Whether it's a strap, rope, chain or cable, the important differentiation is whether it is for Towing for for Recovery.
Tow ropes are designed for pulling a rolling load. Yes they can be used to gently tow a truck off a rock or out of shallow mud if they are rated high enough, but it's not their intended purpose and using them incorrectly often results in vehicle damage.
Recovery straps are elastic and are designed to stretch and then rebound when pulled on. This multiplies the force applied and reduces the "Shock Load" to both vehicles, letting you tug a bit more aggressively without damaging the vehicles (within reason). Used correctly they are invaluable. Used incorrectly they can kill.
A good recovery strap will NOT have any type of hook on the ends, just a loop. Ideally that loop will have some sort of protective covering over it to protect from abrasion and from poorly designed tow hooks. Like all recovery gear you should be using straps rated for at least twice your vehicle weight. Remember it's not just the weight of the vehicle you need to account for, its the resistance of the mud or whatever you are stuck in.
The correct way to use a recovery strap is to have the strap securely looped onto properly rated tow points (Use a zip tie to keep it on downward facing hooks) and then take a gentle run-up against the end of the strap. Remember that your momentum is added to the weight of your vehicle, so it is not hard to get over the 8,000 to 10,000 lb rating of most tow points. Start slow and know when to give up and try something else.
What you absolutely must not do is attach to a trailer hitch ball, to a tie-down loop, to poorly welded tow points, or to any tow point not rated for at least 8,0000 lbs. You also must not use a shackle or any other heavy object to join two recovery straps together. In all these cases any failure will turn the strap into a sling-shot, launching a heavy object straight at your rig.
Just because it's a strap does not mean it is an elastic (kinetic) recovery strap. There are a lot of rigging and load-binding straps that look similar but do not have the stretch necessary to be able to take a gentle run-up and bounce against the end of the strap without damaging your vehicle from the sudden shock.
A recovery strap.
This was the first photo I remember seeing of a recovery gone wrong. Two straps were connected with a shackle, then the strap came off the stuck truck. The shackle went through the windshield, through the driver's seat, and out the back window. Miraculously the driver survived.
Join recovery straps by looping them through one another with a light object preventing the loops from locking
A fairly new product, Recovery Ropes are light weight, super stretchy, flexible, and very strong. Their small diameter and light weight often intimidate people who worry about their strength, however when you look at the ratings you will find they are usually over twice as strong as a similar weight strap. As with straps choose one rated for at least twice you vehicle weight.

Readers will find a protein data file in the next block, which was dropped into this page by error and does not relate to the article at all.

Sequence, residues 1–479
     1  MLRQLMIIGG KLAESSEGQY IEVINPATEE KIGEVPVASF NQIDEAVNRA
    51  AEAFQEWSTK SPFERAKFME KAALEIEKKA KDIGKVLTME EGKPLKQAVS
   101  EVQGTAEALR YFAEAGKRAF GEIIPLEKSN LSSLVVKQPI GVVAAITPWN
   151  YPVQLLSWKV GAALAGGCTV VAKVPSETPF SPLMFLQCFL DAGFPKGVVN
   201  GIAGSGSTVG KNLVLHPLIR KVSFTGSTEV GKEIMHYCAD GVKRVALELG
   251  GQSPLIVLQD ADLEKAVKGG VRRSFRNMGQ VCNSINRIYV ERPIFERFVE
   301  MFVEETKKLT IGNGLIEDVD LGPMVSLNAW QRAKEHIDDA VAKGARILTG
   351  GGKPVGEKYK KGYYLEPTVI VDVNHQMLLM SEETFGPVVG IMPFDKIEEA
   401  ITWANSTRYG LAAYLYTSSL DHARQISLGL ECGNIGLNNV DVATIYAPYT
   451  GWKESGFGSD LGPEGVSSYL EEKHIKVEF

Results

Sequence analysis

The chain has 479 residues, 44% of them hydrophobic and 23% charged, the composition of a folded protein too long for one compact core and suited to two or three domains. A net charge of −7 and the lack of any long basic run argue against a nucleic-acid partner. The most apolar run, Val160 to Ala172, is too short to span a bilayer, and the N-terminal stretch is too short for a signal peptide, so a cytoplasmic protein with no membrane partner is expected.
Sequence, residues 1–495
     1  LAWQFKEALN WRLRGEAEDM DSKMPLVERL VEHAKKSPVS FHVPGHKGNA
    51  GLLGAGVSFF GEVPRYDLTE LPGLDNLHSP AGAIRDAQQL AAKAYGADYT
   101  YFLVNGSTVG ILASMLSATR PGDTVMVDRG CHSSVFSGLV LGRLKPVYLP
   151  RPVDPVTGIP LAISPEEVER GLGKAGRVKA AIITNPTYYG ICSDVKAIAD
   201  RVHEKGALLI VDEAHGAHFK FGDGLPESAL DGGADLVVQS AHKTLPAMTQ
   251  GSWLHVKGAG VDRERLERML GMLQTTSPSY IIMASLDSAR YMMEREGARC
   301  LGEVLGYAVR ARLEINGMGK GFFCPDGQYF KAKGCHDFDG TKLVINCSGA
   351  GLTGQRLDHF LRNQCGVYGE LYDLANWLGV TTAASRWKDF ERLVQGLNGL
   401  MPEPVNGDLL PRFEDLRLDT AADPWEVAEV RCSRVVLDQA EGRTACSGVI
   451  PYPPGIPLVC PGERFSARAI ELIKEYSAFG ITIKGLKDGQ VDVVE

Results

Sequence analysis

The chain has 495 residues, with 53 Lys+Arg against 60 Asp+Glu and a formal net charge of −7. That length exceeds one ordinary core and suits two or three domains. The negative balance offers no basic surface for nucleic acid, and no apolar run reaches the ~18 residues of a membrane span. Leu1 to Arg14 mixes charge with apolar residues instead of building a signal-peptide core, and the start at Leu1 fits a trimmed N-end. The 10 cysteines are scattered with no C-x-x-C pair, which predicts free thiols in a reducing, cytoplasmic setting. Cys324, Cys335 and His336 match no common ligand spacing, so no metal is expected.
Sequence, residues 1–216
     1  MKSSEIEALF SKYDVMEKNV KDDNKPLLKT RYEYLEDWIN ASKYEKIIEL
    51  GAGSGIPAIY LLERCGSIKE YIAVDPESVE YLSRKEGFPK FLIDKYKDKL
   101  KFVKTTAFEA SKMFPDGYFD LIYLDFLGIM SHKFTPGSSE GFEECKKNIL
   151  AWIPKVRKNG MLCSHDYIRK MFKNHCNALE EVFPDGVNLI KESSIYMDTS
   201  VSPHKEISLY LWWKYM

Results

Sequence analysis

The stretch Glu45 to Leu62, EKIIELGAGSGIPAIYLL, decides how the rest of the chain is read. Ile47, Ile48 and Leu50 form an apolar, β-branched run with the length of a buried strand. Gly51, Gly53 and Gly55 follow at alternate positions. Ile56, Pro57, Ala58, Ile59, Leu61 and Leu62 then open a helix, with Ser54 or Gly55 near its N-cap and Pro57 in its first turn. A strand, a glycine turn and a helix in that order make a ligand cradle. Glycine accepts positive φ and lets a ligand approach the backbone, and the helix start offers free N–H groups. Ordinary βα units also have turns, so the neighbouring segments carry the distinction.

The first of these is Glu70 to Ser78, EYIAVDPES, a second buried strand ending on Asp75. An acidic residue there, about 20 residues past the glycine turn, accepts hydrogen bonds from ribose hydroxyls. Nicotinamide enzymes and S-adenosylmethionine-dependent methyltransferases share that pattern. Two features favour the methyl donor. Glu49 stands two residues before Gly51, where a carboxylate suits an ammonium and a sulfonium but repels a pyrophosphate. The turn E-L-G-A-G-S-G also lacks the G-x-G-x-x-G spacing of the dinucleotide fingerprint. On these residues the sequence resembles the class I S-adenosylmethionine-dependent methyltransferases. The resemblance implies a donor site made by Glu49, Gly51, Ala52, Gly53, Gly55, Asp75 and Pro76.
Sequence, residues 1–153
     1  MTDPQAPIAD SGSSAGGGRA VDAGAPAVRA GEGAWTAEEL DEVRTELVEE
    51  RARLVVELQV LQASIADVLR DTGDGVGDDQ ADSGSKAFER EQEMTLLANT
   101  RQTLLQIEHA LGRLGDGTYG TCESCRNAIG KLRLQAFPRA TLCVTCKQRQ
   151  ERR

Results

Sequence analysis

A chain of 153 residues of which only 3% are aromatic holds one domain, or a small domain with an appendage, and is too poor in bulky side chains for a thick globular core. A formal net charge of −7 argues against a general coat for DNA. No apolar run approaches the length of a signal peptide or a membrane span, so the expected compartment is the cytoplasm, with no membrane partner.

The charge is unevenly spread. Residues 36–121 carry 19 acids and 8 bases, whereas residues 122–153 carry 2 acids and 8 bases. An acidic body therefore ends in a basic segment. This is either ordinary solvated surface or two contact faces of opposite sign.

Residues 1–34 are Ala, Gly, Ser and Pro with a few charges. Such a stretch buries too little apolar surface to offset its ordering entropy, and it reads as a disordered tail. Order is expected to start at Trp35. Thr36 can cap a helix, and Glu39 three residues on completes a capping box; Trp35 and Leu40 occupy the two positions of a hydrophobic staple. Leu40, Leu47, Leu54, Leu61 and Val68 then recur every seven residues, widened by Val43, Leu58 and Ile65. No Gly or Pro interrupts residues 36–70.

Tow ropes are one of the most often misunderstood and misused pieces of equipment. Towing means moving a rolling load, not yanking a stuck rig out of the mud. It is good to have a tow rope, but its use (if it is strong enough) is for moving a rig that is broken down but not stuck.
What you absolutely do not want to do with a tow rope is leave slack in the rope and take a rolling start in an attempt to dislodge a stuck rig. Doing this can put a shock through your rig that can cause an immediate failure in your recovery points or even cause frame damage that you may not notice.
One challenge with chain is knowing what it is rated for. A cheap chain barely capable of towing a civic may not look that much different from "Transport" rated Grade 70 chain that can be safely used for towing a full size truck. If you don't know the rating don't use it. Chain is great for towing and very handy for looping around rocks for winching. Just remember that it is a towing/winching tool and is not designed for shock loads like a recovery strap is.
This is where a bunch of people chime in that they have been using chain or heavy duty tow ropes for jerking on stuck trucks for years, that they are used in the forestry and mining industry, and so on. When a logging truck gets stuck they are usually pulled out gently by a heavy Cat or Skidder, not jerked hard by another truck the same weight. Totally different scenario. Do it right, use items designed for towing only for rolling vehicles and a recovery strap or recovery rope for stuck trucks.